MATERIALS AND METHODS Recombinant bacterial ferritin (EcFtnA) and its variants and human H-chain ferritin (HuHF) were prepared as previously described11,12 and rendered iron-free by anaerobic reduction using 55 mM sodium dithionite in 0.1 M Mes (2-(N-morpholino) ethanesulfonic acid), pH 6.0, followed by 5 mM dithionite in the same buﬀer, each for 3 days. The protein was then dialyzed anaerobically under N2 against 1 mM 2,2′-dipyridyl in 50 mM Mes, pH 6.0, for 2 days to chelate the Fe2+ produced during the reduction followed by dialysis against 0.1 M Mes and 0.1 M NaCl, pH 6.0, and ﬁnally against the working buﬀer (i.e., 0.1 M Mops (3-(N-morpholino) propanesulfonic acid) and 50 mM NaCl, pH 7.0). Protein concentrations were determined spectrophotometrically using the molar absorptivity of 24 000 cm−1 M−1 at 280 nm for the apoprotein.11 All chemicals were of reagent grade and used directly without further puriﬁcation: ferrous sulfate heptahydrate, FeSO4·7H2O (J.T.Baker Chemical Co.), Mes and Mops buﬀers (Research Organics Inc.), and 2,2′-dipyridyl and sodium chloride (Aldrich Chemical Co.). The enzyme catalase (EC 18.104.22.168, 65 000 units/mg) was purchased from BoehringerMannheim GmbH (Germany), SOD (bovine erythrocyte Cu/Zn SOD), from Sigma-Aldrich, Amplex Red hydrogen peroxide assay kit, Molecular Probes (Eugene, OR), and EMPO, Oxis Research (Portland, OR). The Amplex Red reagent/horseradish peroxidase assay for the measurement of H2O2 was performed as described elsewhere22 and employed a standard curve (Figure S1). 484
The ﬂuorescence of resoruﬁn, the product of the Amplex Red reagent with hydrogen peroxide, was measured at 590 nm using an excitation wavelength of 560 nm on a Varian Cary Eclipse spectroﬂuorimeter. In the catalase-promoted disproportionation of H2O2 (2H2O2 → 2H2O + O2), the experiments were performed using a custom-made oximetry cell by adding 1 μL of catalase (1300 units) to 0.52 mL of 1.0 μM protein solution in 100 mM Mops and 50 mM NaCl, pH 7.0, either before or after the addition of Fe2+ (Figure S2). The production of protons was monitored by autotitration with a standard base (5 mM NaOH) to maintain the pH at 6.50 with the pH stat apparatus. The use and standardization of the oxygen electrode/pH-stat apparatus are described in detail elsewhere.28 Conventional ultraviolet visible absorbance kinetics was measured at 25 °C on a Varian Cary 50 Bio UV−vis spectrophotometer with data acquisition every 12.5 ms using a built-in magnetic stirrer and a temperature-control Peltier device from Quantum Northwest. The UV−vis dead time for mixing was determined to be ∼1 s by the jump in absorption at 553 nm from the addition of 5 μL of 6 M NaOH to 1 mL of phenolphthalein solution. Accordingly, the ﬁrst 1 s of data was eliminated from nonlinear least-squares ﬁtting of the absorbance-time curves. The Levenberg−Marquardt algorithm and Origin 7.5 software (MicroCal Inc.) were employed in kinetic data analyses. Reactions too fast for the Cary 50 were measured by stopped-ﬂow kinetics at 25 °C as described elsewhere.13 All stopped-ﬂow kinetic curves were averages of at least six kinetic traces. Half-lives (t1/2) for Fe2+ oxidation were determined from ﬁtting the ﬁrst phase of the absorbance change at 305 nm on the Cary 50 spectrophotometer to a rising exponential of the form A(t) = A[1 − exp(−ln(2)t/t1/2]. Half-lives from 305 nm absorbance-time data were comparable to those obtained from data at ∼650 nm from Fe2+ oxidation to form the diFe(III) peroxo complex (e.g., 120 and 96 ms, respectively) for WT EcFtnA measured by stopped-ﬂow. Rate data for the rapidly Fe2+-oxidizing proteins, namely, EcFtnA, E49A, Y24F, and HuHF, were all determined by stopped-ﬂow for the ﬁrst 48 Fe2+/shell addition and analyzed as detailed elsewhere for HuHF.13 The kinetics of subsequent additions were suﬃciently slow for measurement on the Cary 50 spectrophotometer. All anaerobic experiments were performed with a thoroughly deoxygenated apo-EcFtnA solution maintained under a constant positive atmosphere of high-purity-grade argon gas (99.9995%,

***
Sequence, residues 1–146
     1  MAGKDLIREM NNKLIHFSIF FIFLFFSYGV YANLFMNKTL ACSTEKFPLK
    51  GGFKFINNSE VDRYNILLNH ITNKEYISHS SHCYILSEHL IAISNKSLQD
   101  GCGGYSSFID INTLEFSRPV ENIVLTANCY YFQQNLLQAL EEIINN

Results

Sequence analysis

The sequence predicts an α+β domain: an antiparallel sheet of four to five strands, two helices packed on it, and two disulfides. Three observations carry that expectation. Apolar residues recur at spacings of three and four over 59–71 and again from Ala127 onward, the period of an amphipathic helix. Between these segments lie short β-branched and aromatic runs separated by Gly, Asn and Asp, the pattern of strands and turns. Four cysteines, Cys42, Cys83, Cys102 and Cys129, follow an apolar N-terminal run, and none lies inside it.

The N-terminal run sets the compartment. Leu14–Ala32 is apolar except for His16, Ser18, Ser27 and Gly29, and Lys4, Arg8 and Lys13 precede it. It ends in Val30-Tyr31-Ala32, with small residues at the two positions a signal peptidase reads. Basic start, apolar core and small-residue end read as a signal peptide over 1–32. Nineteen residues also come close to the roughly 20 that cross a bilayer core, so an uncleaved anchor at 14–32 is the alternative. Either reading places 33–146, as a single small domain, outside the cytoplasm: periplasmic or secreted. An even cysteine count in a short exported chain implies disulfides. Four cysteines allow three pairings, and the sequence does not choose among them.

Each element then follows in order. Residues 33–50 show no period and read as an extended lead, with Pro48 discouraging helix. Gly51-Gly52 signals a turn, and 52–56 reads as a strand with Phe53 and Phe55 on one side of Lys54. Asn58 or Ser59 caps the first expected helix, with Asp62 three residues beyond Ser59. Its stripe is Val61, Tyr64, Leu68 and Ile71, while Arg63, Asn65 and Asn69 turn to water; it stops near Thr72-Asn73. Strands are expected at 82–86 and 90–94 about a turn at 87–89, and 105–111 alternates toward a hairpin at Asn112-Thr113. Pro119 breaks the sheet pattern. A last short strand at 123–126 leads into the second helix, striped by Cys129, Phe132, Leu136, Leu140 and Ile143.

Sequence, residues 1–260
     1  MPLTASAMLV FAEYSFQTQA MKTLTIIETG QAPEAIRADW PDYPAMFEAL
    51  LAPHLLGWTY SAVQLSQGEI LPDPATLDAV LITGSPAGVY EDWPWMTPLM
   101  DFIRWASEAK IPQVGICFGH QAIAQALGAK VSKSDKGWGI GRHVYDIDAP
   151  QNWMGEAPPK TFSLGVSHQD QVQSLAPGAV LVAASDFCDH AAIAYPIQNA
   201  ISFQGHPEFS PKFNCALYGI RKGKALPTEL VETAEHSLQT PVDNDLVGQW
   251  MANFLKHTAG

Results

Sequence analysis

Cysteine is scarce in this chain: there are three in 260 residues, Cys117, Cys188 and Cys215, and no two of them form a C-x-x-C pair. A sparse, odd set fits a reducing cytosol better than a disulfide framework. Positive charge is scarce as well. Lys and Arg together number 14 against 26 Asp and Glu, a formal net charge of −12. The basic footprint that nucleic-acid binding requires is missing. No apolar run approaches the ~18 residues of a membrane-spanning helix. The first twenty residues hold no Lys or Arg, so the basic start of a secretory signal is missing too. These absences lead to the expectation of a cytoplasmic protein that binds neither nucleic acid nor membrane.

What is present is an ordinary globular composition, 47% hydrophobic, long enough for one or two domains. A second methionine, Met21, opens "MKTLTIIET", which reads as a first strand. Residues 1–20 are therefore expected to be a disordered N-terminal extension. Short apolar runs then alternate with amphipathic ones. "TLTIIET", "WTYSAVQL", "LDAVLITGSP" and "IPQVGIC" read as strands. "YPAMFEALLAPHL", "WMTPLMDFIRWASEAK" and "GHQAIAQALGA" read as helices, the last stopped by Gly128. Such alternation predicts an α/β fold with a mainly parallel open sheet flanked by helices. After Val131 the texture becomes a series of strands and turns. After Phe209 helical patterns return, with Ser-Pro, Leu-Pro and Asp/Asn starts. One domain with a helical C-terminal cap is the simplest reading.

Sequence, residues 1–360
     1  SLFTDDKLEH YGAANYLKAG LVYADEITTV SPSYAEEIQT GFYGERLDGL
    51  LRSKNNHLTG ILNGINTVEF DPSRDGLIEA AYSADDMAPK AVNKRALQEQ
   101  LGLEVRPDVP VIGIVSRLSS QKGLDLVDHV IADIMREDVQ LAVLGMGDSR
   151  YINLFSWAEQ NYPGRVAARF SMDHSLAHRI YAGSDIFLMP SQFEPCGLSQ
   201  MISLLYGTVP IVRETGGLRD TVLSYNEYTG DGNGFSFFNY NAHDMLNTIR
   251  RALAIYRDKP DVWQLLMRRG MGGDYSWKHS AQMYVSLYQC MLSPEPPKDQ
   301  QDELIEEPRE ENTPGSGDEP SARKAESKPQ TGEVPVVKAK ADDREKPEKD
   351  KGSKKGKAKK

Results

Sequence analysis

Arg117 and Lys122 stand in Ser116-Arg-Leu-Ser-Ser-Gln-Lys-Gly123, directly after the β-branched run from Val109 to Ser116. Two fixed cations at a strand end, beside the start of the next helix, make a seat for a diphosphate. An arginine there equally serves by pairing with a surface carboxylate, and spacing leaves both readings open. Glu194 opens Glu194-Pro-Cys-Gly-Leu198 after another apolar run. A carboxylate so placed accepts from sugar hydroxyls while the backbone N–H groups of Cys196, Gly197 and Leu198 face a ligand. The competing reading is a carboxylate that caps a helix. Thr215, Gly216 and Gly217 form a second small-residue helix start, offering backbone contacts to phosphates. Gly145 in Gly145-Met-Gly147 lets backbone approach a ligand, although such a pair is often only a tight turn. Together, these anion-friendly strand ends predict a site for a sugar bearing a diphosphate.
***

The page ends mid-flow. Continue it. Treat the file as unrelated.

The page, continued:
Functionality of the three-site ferroxidase center of Escherichia coli bacterial ferritin (EcFtnA).
At least three ferritins are found in the bacterium Escherichia coli : the heme-containing bacterioferritin (EcBFR) and two nonheme bacterial ferritin...